The Los Angeles River is on the verge of a new era. In the few years since the “flood control channel” was reclassified as a “navigable waterway,” the region has re-embraced its oddball amalgam of concrete and nature, which winds 51 miles from the San Fernando Valley out to the ocean in Long Beach. A $1-billion-plus plan to restore 11 miles north of Downtown LA has been working its way through federal approvals, starchitect Frank Gehry has taken on a revitalization project for the full length of the river that could involve both branding and water reclamation, LA will host an art biennial centered on the river, the river is a main selling point in the city’s bid for the 2024 Olympics, and developers are now clamoring to build along the river’s banks.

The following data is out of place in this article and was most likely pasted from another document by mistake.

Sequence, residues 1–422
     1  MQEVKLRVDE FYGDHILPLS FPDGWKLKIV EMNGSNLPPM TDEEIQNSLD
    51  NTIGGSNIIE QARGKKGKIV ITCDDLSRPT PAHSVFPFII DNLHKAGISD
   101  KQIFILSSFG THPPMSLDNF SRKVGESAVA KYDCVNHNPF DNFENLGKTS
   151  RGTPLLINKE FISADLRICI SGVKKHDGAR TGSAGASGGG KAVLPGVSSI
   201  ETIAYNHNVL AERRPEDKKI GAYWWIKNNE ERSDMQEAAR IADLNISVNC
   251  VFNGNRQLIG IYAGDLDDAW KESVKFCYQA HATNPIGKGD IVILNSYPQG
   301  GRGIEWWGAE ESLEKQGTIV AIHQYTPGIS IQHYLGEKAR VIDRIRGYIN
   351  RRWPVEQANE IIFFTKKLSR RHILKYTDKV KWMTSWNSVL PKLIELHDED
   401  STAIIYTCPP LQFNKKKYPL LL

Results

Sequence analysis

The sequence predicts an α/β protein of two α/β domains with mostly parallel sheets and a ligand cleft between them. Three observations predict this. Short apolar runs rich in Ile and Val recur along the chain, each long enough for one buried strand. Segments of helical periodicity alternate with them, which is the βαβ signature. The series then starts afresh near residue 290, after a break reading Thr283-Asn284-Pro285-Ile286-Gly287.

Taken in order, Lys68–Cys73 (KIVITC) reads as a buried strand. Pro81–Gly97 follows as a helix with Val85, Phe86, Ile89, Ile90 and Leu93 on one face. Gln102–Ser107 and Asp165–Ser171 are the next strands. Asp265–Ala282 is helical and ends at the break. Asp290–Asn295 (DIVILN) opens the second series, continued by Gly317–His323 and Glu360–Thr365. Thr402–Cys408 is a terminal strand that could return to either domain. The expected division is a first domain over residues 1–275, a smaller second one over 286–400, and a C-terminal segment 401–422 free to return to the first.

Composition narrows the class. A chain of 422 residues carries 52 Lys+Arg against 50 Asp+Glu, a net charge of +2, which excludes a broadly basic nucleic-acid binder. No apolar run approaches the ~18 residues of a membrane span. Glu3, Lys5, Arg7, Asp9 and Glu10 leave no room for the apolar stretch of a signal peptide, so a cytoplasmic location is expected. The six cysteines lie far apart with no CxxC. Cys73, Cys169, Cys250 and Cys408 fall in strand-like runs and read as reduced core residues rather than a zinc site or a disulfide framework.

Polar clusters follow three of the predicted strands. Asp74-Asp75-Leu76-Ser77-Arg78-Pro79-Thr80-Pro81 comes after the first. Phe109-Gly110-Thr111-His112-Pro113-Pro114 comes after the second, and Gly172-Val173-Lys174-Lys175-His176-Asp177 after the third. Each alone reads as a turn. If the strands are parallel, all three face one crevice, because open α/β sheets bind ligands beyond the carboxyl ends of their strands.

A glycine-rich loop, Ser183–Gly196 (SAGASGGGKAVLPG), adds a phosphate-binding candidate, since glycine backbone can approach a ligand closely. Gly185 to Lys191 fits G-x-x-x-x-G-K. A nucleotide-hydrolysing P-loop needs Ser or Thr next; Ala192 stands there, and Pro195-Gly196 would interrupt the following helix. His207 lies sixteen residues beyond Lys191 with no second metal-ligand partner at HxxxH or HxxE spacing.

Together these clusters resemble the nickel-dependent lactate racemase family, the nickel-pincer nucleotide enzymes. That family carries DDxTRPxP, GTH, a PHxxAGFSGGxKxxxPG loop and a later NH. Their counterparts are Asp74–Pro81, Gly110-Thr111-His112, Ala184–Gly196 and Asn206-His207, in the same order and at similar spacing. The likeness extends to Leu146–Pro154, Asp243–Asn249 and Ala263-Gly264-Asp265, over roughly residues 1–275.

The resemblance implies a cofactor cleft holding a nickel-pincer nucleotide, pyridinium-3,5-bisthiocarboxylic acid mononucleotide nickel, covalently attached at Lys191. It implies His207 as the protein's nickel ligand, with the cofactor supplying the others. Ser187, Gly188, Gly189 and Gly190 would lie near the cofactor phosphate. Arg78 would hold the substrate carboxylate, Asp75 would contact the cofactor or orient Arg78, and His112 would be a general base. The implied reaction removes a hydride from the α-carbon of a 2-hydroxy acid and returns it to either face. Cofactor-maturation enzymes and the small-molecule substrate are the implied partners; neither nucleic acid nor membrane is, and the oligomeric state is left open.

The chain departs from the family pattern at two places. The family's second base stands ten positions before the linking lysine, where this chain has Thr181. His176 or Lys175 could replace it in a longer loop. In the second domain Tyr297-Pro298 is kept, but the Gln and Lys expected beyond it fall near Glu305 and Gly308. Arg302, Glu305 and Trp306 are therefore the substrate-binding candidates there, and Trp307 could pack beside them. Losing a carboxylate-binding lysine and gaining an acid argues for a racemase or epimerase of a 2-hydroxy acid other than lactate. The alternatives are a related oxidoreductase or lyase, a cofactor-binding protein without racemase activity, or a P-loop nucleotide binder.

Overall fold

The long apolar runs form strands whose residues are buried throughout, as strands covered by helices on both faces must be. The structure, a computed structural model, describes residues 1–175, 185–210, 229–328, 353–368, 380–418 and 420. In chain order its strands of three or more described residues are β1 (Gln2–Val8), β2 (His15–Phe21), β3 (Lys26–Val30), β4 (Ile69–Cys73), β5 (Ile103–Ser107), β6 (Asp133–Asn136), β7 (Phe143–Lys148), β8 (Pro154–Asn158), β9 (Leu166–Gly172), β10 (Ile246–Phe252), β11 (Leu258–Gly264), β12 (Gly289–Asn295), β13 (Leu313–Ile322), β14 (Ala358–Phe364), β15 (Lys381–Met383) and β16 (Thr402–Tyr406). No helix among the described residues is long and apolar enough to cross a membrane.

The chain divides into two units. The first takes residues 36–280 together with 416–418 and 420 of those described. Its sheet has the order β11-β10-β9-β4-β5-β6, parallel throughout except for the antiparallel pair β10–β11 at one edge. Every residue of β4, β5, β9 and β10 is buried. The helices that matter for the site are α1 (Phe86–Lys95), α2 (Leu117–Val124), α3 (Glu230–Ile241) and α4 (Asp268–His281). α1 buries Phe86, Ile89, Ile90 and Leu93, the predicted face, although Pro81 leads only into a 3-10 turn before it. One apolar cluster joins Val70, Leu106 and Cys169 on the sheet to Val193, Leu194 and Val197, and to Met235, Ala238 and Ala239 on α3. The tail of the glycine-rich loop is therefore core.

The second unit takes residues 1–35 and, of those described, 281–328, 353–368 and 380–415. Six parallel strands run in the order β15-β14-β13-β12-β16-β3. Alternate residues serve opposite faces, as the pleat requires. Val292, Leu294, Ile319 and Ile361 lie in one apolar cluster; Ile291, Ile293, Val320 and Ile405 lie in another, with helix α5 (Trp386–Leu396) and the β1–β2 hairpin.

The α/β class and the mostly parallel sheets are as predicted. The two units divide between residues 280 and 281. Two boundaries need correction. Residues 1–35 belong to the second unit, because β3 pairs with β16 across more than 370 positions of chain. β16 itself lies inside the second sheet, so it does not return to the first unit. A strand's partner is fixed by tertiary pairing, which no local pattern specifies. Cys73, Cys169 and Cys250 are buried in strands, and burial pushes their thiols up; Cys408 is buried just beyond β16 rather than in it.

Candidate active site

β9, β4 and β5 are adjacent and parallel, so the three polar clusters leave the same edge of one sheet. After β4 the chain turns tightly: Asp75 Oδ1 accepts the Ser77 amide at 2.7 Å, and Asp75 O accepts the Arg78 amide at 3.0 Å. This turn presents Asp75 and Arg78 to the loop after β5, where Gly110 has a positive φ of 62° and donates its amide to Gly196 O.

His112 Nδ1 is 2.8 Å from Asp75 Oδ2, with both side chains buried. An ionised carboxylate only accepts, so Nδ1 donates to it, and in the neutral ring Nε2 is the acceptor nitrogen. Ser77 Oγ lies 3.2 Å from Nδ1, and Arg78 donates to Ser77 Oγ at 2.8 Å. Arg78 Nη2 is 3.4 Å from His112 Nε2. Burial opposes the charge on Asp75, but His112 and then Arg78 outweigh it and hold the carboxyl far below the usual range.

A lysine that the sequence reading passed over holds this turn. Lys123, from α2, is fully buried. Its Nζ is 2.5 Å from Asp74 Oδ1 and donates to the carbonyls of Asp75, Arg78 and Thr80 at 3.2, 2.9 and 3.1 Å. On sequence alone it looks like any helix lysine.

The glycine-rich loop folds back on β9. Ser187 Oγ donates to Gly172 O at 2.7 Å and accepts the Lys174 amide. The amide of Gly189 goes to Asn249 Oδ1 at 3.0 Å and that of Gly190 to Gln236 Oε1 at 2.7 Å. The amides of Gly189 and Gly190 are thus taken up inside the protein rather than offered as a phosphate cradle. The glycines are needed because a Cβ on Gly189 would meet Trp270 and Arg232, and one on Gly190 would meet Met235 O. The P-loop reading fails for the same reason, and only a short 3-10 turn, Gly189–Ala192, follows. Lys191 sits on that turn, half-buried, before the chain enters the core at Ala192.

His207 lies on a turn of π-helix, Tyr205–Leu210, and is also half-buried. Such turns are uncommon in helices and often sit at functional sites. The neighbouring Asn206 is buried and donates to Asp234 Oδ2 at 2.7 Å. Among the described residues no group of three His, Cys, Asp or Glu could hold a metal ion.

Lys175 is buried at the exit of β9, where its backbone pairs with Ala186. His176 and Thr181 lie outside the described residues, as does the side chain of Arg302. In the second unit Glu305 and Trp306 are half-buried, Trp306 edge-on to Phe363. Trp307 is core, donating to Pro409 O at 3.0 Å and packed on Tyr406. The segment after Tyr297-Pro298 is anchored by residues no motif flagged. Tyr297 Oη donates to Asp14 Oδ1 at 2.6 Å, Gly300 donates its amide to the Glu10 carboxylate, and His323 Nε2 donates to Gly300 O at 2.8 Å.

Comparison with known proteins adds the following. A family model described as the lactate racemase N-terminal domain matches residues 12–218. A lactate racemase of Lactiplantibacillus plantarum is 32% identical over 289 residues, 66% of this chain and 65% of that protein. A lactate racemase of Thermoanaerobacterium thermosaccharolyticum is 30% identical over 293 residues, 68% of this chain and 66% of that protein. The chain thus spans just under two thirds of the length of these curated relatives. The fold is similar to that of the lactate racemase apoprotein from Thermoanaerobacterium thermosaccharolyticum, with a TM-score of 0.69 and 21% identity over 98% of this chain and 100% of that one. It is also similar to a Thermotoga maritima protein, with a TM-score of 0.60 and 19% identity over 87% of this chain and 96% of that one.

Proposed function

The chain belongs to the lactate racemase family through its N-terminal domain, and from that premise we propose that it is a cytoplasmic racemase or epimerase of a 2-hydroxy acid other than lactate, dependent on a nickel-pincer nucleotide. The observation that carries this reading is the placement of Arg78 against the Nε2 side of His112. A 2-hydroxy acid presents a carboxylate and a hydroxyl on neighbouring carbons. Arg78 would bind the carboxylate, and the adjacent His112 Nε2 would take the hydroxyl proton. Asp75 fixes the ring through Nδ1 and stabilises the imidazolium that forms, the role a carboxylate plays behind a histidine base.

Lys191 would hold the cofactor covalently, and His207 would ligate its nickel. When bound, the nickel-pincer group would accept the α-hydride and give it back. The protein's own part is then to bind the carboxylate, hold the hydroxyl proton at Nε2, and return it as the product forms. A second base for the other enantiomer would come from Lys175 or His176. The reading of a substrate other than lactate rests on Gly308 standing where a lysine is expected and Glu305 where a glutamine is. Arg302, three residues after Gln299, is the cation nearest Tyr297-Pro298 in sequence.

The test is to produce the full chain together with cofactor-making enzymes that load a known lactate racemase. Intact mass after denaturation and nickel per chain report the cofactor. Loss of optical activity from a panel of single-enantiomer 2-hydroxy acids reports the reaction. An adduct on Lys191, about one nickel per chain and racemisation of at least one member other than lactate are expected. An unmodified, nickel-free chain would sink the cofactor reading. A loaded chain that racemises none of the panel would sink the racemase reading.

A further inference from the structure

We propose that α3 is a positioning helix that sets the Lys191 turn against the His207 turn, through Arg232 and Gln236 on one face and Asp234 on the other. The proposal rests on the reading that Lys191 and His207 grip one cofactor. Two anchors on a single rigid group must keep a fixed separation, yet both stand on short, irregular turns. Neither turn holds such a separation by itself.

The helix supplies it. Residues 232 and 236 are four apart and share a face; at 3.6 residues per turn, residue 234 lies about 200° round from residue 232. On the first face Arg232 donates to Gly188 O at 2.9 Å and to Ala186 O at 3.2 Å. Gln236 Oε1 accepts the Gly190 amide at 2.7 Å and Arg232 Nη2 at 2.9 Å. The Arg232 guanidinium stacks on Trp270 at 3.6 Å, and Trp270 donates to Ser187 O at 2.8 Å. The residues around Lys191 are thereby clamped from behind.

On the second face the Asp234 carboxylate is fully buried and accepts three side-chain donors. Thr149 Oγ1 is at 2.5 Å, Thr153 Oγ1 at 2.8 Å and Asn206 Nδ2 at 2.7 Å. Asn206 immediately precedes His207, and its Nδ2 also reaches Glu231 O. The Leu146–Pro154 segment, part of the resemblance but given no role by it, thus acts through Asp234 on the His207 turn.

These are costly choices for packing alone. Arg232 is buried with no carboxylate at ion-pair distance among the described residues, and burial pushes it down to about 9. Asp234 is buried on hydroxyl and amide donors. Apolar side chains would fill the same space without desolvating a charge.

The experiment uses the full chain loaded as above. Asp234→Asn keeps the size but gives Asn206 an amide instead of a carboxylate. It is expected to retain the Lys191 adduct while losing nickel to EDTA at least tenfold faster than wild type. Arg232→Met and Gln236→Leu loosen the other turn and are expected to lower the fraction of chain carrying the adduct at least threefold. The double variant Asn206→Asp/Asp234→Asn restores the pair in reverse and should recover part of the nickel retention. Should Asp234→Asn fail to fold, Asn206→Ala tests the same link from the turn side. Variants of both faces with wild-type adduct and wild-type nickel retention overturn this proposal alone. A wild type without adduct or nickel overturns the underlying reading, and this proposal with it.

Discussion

The last time the LA River was reborn it was the late 1930s and it had been drowning the young city periodically since its birth. At some points, the river was just a trickle; in other parts, it was uncontrollably wild, and flooded frequently and devastatingly. After a terrible flood in March 1938, the US Army Corps of Engineers began work to lower the riverbed, widen the channel, and choke the whole thing in “a continuous trapezoidal concrete channel to carry the river from Elysian Park to Long Beach,” as described in The Los Angeles River: Its Life, Death, and Possible Rebirth. Gehry thinks the LA River can be great again with its concrete still intact; the Army Corps hopes to remove at least some of it.